What do the pros eat?

Ed Clancy only joined Rapha-Condor in 2011 and despite not racing with the British outfit for the majority of 2012 – due to Olympic commitments – the 28 year old still remains a key figure in the team, putting in solid, consistent performances. Clancy has been an integral part of the team’s success at this year’s Tour Series.

Unlike some riders, Clancy has a mixed training schedule where he has to split his week up evenly between the road and the track. This sometimes requires Clancy to jump on the track straight after a morning road ride.

While this has its advantages – he’s able to ensure he is getting good, quality miles under each belt each week – it can mess around with his structure and recovery as well as his diet.

As Clancy shows us here, he doesn’t always have the time and luxury to prepare food. For him, it’s all about 
quick access to carbohydrates and 
protein. Either that or he’s just lazy!

Bowl of porridge with semi-skimmed milk, with an apple and an orange, fresh juice and some water
Clancy gets his day off to a pretty ordinary start and his diet isn’t too dissimilar to that of an average cyclist. Porridge has a low glycaemic index, providing a slow release of energy throughout the day. Fresh fruit will also provide him with a mixture of antioxidants, vitamins and minerals as well as water and fresh juice to aid hydration.

Beta alanine, a multi-vitamin, cod liver oils 
and a SiS Go+ Nitrate gel

CW says –
While beta alanine and nitrate have performance benefits, Clancy should try and get his omega-3 fatty acids and vitamins from his actual diet. Not only is it cheaper, it’s healthier and far tastier.

On the road
SiS gels and drink
“On the ride, for this type of training, I need to get around 50-60g of carbohydrates into my body every hour,” says Clancy. “I usually get that from gels. I prefer gels to solid foods as I find it hard to chomp away on things. I’m quite happy to get it through my drink and gels.”

CW says –
While Ed is training on the road, the last thing he wants to do is slow down to eat. To him, this is wasting valuable training time. Gels offer that quick fix and ensure he gets what he wants into his body as soon as possible.

In transit
A cup of coffee, fresh apple juice
“I drink coffee sometimes but unlike the majority of cyclists I’m not really a coffee fan,” says Clancy. “I won’t have one in the morning before a ride – I’ll have one socially but that’s about it for me. I prefer fresh orange or apple juice. It’s not worth the effort boiling the kettle.”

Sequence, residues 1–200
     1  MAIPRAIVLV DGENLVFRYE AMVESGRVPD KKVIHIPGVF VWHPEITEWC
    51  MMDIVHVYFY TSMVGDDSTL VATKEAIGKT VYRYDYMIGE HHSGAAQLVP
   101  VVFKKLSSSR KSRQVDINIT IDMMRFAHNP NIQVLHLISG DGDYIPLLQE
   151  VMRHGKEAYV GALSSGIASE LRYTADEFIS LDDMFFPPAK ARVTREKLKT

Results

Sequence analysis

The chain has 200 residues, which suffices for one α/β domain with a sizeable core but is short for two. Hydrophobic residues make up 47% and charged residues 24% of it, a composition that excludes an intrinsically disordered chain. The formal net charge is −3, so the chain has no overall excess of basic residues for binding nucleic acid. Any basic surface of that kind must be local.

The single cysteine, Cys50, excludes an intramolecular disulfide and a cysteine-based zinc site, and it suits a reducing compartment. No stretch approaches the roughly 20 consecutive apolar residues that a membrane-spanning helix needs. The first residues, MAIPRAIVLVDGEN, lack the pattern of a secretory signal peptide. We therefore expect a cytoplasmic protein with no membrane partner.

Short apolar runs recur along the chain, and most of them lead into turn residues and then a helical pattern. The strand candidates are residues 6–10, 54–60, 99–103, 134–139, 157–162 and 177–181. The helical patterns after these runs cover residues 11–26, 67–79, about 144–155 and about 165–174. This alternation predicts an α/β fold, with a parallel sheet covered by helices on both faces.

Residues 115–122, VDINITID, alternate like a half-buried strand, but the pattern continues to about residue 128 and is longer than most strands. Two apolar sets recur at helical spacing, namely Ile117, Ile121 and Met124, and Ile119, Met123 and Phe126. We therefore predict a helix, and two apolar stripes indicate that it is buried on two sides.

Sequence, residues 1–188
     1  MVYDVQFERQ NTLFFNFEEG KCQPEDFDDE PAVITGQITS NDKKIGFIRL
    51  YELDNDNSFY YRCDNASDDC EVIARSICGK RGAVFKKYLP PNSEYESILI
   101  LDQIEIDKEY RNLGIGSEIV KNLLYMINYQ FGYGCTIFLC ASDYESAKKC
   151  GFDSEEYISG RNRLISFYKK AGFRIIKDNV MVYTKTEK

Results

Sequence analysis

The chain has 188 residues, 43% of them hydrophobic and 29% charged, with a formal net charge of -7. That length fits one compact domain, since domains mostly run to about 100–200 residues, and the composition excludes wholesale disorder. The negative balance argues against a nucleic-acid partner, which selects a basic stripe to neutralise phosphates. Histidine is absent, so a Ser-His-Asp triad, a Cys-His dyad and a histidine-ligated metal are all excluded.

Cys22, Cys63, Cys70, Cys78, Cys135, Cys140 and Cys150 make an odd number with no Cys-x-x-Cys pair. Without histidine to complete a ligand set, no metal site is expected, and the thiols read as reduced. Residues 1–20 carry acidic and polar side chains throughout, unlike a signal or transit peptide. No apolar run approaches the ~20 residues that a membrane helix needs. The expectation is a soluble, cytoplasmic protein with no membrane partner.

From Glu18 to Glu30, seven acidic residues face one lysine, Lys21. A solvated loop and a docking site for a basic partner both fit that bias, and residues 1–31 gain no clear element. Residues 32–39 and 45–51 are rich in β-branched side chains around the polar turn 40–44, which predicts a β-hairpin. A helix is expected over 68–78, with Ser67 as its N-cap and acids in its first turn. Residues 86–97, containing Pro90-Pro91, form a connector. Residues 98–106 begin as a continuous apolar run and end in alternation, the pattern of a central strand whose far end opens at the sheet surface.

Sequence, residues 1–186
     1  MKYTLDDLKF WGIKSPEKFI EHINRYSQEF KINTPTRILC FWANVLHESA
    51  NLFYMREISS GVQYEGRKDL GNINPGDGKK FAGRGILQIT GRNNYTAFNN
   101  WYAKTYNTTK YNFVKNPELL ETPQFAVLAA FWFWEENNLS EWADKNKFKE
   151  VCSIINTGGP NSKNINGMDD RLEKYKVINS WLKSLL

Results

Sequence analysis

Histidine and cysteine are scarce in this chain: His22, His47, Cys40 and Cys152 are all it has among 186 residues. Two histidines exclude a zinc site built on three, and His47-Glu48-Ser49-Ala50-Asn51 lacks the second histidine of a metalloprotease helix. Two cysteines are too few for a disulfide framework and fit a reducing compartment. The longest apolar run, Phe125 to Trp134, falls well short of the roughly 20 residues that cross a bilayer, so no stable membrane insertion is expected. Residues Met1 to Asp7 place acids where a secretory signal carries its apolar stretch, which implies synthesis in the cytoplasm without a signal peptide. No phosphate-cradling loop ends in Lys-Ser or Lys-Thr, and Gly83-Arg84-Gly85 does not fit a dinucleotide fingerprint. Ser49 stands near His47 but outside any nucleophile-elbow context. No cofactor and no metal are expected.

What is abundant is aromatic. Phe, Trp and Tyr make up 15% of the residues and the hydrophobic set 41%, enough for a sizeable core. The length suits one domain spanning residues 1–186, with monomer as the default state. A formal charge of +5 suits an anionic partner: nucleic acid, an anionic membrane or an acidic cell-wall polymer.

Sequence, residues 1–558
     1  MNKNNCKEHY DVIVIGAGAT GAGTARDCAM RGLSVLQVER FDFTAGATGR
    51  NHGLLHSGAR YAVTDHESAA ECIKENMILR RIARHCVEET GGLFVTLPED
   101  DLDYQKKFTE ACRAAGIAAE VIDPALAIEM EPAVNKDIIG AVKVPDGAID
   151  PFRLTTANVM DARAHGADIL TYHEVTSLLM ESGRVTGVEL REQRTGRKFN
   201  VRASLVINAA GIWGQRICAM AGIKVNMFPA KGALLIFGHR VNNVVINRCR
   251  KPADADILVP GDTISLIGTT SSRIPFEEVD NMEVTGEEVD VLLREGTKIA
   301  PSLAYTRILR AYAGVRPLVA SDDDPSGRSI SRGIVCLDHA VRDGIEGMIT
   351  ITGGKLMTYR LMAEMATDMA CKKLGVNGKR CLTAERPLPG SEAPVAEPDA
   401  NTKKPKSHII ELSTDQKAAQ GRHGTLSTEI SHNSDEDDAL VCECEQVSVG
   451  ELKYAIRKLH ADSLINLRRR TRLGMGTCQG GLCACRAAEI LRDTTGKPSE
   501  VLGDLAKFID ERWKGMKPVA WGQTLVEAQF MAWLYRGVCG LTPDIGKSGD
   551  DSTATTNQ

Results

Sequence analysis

CW says –
It’s unheard of in this day and age for a cyclist not to like coffee, but Clancy seems to prefer his juice. Despite caffeine having ergogenic effects on endurance performance, it doesn’t seem enough of a reason for Clancy to drink it. Perhaps he’s just never had a good cup?

Tuna and pasta salad or microwaved rice, sauce out of a packet
It doesn’t sound like the most appealing of meals, and not something that would get the taste buds watering, however, it has all of what the body requires – carbs and protein – for a post road ride and a pre track session. As Clancy says, “I cook because I have to. Time is of the essence.”

There’s no denying that Clancy is a busy man when it comes to his training, but it’s quite refreshing knowing that a rider of such quality as Clancy, sometimes eats like the rest of us.

SiS Go Bar, water and 
energy drink
“Mid-afternoon, when I’m on the track, I’d have an energy bar to snack on, and a drink to sip away at,” says Clancy. “On a day like this, a split training day, I just snack away on energy stuff. It’s messy when you start bringing food to a track – more hassle than it’s worth.”

CW says –
If we didn’t know any better, it seems eating for Clancy is a chore. And it may well be at times. When training so hard and so often, it’s imperative that you keep refuelling yourself. Anything that is so often repeated becomes monotonous. 
A bit like fuelling your car. And no one likes doing that.

SiS Rego drink
After an intense track session, it’s very important that you get protein into your system as soon as possible to aid muscle recovery and adaptation. The hour immediately after exercise is the most important, as this is where the muscles are more responsive to protein, carbs, minerals and nutrients. This is where a protein drink comes in very handy.

Chicken and rice
While it’s important to get protein into your system straight after exercise, just like Clancy does with his protein drink, it should never act as a replacement for real food. Once you get home, you should try to get a proper meal into your system.

Chicken and rice is a perfect combination, as it provides carbohydrates to replenish empty fuel tanks and protein from the chicken to aid protein synthesis.

This article was first published in the June 20 issue of Cycling Weekly. Read Cycling Weekly magazine on the day of release where ever you are in the world International digital edition, UK digital edition. And if you like us, rate us!